Weight Loss Tips, 2016 Style: Thin Ice Insoles, Daily Weigh-Ins

When a brand new year rolls around, new weight loss tips tend to hit the web. One such weight loss tip involves daily weight tracking in order to stay on top of weight loss, reports the Daily Mail.

Whereas in the past, dieters were advised to only weigh themselves once per week to track their progress and not become obsessed with weight loss, new 2016 advice is counteracting those claims. According to Dr. Michael Mosley, the man behind the runaway popular 5:2 diet, those who want to experience success in their weight loss journeys should weigh themselves each day to keep those pounds down.

It’s a practice that the good doctor practices himself. Dr. Mosley says that once his weight starts creeping above around 168 pounds, he knows he needs to make a few changes to lose weight. After all, that’s the weight that helps him sleep better, not snore too loudly, and look great.

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Daily weigh-ins could be a valuable weight-loss tip for 2016, as long as a healthy perspective is used for such an endeavor. Besides, plenty of dietary changes can take place in one week, and weighing yourself only on Sundays, for example, won’t necessarily tell you what offending habit or food has caused a recent weight gain.

However, daily weigh-ins can help pinpoint an issue and nip it in the bud prior to it becoming a problem. If a person has a great cardio session with high intensity happiness, and combines it with weight-training and a protein brownie afterward – then learns the next day that such activities helped them drop a bit of weight and a part of a percentage point of fat, that’s a good thing. However, if someone else thinks that their daily consumption of 500-calorie grapefruit soaked in fruit juice is helping them lose weight – but instead learns the next day that it made them gain weight and body fat – that’s a habit that can be altered immediately, instead of waiting seven whole days or longer to figure out the weight loss faux pas.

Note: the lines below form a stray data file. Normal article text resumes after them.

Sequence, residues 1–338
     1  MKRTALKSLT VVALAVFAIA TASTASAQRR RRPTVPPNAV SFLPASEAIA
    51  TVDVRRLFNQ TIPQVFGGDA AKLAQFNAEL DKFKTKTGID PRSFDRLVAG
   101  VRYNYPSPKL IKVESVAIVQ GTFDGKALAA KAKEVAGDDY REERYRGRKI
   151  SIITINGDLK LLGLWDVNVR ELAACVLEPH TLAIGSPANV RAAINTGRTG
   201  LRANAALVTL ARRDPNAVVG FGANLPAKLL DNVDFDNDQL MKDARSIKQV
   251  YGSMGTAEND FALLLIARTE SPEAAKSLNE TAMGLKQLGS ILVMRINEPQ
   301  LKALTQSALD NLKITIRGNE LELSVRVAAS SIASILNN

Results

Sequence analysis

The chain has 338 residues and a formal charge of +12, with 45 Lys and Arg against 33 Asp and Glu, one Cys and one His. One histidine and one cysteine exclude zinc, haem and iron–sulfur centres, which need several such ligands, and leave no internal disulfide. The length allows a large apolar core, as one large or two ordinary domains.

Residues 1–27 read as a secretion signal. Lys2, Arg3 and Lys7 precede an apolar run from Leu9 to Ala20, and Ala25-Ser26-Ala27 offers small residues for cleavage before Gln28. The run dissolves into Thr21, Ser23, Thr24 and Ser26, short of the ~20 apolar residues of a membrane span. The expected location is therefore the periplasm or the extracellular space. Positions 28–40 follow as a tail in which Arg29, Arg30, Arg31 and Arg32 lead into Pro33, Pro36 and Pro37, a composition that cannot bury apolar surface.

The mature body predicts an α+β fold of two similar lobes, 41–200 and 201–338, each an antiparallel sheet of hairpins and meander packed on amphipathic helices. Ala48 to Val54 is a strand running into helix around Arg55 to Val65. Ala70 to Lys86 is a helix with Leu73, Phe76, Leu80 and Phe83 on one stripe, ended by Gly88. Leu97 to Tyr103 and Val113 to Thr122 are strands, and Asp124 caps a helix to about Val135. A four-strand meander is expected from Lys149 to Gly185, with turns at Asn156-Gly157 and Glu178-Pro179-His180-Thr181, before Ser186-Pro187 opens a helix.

Another unique weight-loss tip, as reported by Vogue, involves the “Thin Ice clothing and insoles” that tricks the body into thinking it is cold, and therefore helps it to lose weight. The Thin Ice, Inc., website explains how the process works to help with weight loss.

“Thin Ice weight-loss technology is integrated seamlessly into the clothing you [wear, which] helps produce weight-loss throughout the day. It does this by stimulating strategic parts of your body with cold temperatures. But don’t worry, this stimulation is so mild you won’t even notice after a few seconds of adapting. Think about a time when you’ve jumped into a pool and gotten a jolt of cold that almost instantly disappears. The same process is at play here.

“Your body detects these temperature changes with thermoreceptors which trick your body into thinking you are in a cold environment. Your body responds by creating heat in the core and sending warm blood around the body to cool down the chilled areas.

“The fuel for this laborious process is nearly pure body fat. So, by forcing your body to respond to cold-temperature stimulation throughout the day it, you’ll be able to burn fat without even thinking about it!”

The website raised nearly $600,000 for their IndieGoGo campaign, titled “Thin Ice: The Very First Weight-Loss Clothing Line.” The popularity of the theory that one can lose weight from wearing clothing and insoles that prompts weight loss is an apparently well-received idea.

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Along with the daily weigh-ins, the cold technology is gaining buzz in 2016. So are scales like the Under Armour scale shown above, which is Bluetooth and Wi-Fi enabled. The scale calculates both weight and body fat percentage, which is essential when a person’s weight changes due to muscle growth and fat loss.

[AP Photo/Mark Lennihan]